The British are gone. That doesn’t mean that there is no longer a threat. The top three stories clearly illustrate that the Red Coats weren’t the only Tyrants in America. Depending on the color of your skin or other things such as union or political affiliation, the threat remained well into the 50’s and 60’s. As the stories that emerged from New Orleans demonstrate, in some, very rare circumstances, it’s still here.


His Name was Sylvester Carrier. They Called him Mr. Man

Every tragedy has its heroes. Rosewood had Mr. Man.

Rosewood Florida, 1923.

It began when a white woman named Fanny Taylor said she was assaulted and a lynch mob pinned the assault on a Black chain gang escapee named Jesse Hunter.

Their bloodhounds led them to Aaron Carrier. He wasn’t a suspect in the assault, but they thought he helped Jesse get away. They dragged him behind  Model T until they got what they wanted from him.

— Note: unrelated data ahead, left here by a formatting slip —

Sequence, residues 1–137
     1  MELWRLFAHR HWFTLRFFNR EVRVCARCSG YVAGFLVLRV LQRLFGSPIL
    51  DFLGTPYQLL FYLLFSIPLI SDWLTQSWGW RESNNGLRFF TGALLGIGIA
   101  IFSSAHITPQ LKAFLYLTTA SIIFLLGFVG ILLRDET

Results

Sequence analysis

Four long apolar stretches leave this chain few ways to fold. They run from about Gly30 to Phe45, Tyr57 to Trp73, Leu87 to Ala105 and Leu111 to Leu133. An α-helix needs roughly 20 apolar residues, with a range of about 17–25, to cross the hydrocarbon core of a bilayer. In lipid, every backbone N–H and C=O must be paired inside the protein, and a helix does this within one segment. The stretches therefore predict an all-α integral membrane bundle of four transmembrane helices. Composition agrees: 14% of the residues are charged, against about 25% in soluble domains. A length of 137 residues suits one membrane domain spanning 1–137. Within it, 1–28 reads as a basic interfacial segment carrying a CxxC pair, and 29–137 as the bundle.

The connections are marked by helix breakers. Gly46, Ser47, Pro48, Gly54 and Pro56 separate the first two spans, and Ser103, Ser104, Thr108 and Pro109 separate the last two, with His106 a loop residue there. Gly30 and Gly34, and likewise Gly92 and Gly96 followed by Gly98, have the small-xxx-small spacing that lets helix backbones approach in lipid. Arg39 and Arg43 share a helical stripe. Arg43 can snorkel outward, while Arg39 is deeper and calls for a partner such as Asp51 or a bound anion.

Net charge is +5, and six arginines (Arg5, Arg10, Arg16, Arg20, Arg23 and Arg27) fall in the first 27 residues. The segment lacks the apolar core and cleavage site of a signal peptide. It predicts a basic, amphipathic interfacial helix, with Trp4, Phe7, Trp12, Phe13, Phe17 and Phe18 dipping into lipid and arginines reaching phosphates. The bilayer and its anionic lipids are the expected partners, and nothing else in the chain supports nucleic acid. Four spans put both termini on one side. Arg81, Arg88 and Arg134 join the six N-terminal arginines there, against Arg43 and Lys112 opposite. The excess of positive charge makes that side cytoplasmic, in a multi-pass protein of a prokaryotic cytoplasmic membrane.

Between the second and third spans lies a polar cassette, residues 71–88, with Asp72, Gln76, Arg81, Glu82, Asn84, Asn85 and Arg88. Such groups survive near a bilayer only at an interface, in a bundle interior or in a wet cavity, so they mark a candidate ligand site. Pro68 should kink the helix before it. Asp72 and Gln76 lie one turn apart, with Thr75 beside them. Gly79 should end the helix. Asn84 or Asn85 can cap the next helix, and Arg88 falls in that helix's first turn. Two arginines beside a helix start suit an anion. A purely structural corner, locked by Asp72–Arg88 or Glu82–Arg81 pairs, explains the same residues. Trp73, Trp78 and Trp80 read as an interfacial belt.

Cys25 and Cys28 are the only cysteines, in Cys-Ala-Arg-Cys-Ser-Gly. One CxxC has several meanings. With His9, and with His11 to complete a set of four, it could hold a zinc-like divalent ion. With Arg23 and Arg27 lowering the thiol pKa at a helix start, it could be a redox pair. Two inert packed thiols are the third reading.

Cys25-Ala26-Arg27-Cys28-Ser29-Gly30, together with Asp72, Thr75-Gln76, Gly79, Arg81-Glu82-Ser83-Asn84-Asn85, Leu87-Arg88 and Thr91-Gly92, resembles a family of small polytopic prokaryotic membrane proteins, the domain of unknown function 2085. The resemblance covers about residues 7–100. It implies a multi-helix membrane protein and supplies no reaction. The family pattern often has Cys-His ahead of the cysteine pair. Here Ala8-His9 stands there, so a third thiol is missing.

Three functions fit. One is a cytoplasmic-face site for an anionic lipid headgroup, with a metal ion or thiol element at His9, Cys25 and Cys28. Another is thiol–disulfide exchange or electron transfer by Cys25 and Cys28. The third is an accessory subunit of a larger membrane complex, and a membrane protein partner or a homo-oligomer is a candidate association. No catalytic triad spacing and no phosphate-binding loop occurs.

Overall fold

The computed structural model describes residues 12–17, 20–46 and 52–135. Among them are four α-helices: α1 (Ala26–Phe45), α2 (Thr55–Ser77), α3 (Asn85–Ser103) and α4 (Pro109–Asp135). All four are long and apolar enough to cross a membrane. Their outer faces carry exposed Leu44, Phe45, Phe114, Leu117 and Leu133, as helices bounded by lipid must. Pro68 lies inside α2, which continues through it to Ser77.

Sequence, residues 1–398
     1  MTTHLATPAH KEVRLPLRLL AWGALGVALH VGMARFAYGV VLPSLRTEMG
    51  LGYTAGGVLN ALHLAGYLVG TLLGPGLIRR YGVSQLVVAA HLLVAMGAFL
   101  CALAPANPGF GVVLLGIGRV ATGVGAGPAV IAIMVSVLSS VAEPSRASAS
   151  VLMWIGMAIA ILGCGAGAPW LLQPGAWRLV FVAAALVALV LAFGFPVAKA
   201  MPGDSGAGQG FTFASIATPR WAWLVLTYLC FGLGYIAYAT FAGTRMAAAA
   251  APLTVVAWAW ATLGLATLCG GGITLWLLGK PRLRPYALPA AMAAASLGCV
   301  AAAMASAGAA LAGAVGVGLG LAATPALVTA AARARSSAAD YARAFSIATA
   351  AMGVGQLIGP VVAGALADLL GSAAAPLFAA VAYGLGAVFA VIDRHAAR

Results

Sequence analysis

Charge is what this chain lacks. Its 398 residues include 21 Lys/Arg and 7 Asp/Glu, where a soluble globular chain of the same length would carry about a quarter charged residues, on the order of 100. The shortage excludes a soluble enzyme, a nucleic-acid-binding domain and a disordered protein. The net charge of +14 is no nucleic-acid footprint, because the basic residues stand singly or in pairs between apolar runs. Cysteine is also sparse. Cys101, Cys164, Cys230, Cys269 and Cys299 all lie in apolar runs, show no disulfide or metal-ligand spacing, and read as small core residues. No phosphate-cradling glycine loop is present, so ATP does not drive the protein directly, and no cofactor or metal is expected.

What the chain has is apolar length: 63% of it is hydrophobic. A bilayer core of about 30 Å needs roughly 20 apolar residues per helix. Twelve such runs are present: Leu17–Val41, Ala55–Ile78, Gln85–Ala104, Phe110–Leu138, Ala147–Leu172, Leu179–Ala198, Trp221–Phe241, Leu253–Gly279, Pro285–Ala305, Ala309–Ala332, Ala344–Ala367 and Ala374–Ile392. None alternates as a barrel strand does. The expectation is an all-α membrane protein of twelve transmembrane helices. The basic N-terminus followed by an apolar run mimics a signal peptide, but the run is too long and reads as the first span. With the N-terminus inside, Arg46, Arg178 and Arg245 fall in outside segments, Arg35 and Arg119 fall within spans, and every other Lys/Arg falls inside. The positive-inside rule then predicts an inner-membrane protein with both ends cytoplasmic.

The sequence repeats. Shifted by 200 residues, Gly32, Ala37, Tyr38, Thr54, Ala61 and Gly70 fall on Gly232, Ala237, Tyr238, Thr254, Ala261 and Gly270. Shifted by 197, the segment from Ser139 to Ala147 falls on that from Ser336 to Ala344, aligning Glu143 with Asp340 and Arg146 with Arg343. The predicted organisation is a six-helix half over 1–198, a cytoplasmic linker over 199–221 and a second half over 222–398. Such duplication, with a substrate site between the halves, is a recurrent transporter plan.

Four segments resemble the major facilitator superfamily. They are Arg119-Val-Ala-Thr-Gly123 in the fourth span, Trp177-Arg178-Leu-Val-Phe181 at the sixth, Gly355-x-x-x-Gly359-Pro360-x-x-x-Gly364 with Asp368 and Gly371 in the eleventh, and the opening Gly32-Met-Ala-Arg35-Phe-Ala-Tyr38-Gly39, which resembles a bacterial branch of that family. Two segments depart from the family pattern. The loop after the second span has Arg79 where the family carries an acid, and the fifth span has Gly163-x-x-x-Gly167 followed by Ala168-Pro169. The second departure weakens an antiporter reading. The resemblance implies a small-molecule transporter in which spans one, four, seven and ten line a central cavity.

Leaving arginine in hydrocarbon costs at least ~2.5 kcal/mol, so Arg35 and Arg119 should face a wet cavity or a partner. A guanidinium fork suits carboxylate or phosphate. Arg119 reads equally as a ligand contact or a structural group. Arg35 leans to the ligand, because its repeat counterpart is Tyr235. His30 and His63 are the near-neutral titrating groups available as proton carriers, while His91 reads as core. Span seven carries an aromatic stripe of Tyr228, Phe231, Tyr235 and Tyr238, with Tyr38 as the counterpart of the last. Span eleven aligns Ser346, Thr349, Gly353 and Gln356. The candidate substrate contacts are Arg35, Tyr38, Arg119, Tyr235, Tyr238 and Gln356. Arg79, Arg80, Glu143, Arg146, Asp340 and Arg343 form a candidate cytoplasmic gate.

Aaron Carrier confessed and named Sam Carter as his accomplice.

Only drunken conjecture connected Jesse Hunter to the assault. The only link between Jesse Hunter to Aaron Carrier are the noses of some bloodhounds. And the only thing that connected Aaron Carrier to Sam Carter was a confession obtained through torture.

They swept through Rosewood, warning all of the Black folk to get out of sight. And when they got to Sam Carter’s house, they kicked in the door, slipped a noose around his neck and pulled him outside to the nearest oak tree. They used mutilation and strangulation to get him to confess to driving Jesse to the edge of the swamp.

They made him show them where. And when the dogs didn’t pick up a scent, they killed him on the spot. Then they hoisted his body into the tree and they riddled his body with bullets.

By then, rumors were spreading that the Black men of Rosewood would retaliate for what had been done to Aaron Carrier and Sam Carter. Those rumors focused on Aaron’s cousin, a tall, dark skinned man named Sylvester Carrier. In Rosewood they called him Mr. Man.

Remember Mr. Man from Rosewood? He was real.
Remember Mr. Man from Rosewood? He was real.